Former President Olusegun Obasanjo says Nigerian leaders must be tough and “ready to bite the bullet”.
Speaking at a seminar in Kaduna state on Monday, Obasanjo said we have not made progress as a nation because some of those in power “lack focus, commitment, and sometimes proper knowledge about economic and development issues”.
The elder statesman said the problem of poor leadership needs to be corrected urgently; otherwise we would be taking “one step forward and another step backward”.
The Kaduna Chambers of Commerce, Industry, Mines and Agriculture (KADCCIMA) organised the seminar to flag off the 38th Kaduna International Trade Fair.
“Nigerian leaders must be tough and ready to bite the bullet, because Nigeria cannot have it easy and until we get the right leadership, the problem will continue,” he said.
“Some leaders lack focus, commitment, and continuity, hence we have not been able to achieve meaningful result.”
Expressing displeasure over inconsistency in policies, Obasanjo said, as military head of state, his administration banned the importation of toothpick in 1977, because it is the “most stupid thing to import when we can produce it here”.
However, he regretted that about 40 years later, one of the presidents that succeeded him reversed the ban.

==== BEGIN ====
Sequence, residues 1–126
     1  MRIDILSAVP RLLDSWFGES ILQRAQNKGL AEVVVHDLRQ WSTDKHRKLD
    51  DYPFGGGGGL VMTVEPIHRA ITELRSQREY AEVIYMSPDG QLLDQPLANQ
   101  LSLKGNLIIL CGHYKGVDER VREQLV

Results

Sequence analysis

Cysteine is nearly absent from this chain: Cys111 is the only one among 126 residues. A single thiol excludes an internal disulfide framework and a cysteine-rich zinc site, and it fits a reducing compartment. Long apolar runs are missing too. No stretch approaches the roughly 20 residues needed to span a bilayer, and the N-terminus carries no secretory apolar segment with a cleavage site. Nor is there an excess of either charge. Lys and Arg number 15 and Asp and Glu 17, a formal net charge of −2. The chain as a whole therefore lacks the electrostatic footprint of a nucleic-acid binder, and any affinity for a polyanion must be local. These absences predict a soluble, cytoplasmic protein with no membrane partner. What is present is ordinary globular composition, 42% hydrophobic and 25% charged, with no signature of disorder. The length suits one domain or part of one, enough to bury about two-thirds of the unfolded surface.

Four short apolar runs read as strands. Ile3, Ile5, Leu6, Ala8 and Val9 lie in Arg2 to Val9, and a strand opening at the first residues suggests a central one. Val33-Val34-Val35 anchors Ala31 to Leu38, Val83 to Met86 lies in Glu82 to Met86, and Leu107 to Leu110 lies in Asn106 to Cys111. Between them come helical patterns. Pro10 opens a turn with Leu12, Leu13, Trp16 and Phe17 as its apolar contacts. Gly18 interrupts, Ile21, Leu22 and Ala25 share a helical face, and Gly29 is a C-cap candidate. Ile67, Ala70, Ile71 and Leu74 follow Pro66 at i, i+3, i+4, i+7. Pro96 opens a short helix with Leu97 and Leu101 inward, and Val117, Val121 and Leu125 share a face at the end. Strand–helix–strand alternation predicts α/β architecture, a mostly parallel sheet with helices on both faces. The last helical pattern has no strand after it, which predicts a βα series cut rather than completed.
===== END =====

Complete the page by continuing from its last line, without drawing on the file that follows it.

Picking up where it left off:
“One of the presidents that came after me, I won’t mention his name, unbanned toothpick. Then, I put on my Babanriga (a native attire) and went to Abuja to express my shock about the policy, but to my greatest surprise, the president told me, he signed the document unbanning toothpick without reading it,” he said.
“Another thing is that, he came in saying he will generate additional 30,000 megawatts to the 3,500 megawatts we left behind, and I told him, ‘don’t trouble yourself, if you can add 3,000 megawatts to the one we left behind, you will receive the best of awards’. But, to my greatest shock, he couldn’t add one megawatt before leaving office.”
Obasanjo said lack of synergy in public and private sectors was responsible for the setback in the nation’s economic growth.
He said the public sector perceives the private sector as a profit making industry that reaps where it does not sow, but in actual fact, “they are two legs that when brought together can accelerate development in all sectors of the economy”.
Obasanjo also spoke on the privatisation of the oil sector, which was revoked by the late President Umaru Musa Yar’Adua.
“When we were in office, we privatised NNPC and sold to Dangote and partners, but the government that succeeded me revoked it and that is why till today, NNPC cannot work optimally,” he said.
“But, today the same Dangote that was denied ownership of NNPC is building a refinery that can produce in excess of what NNPC can produce and what Nigeria can consume. So, it means he will even export.”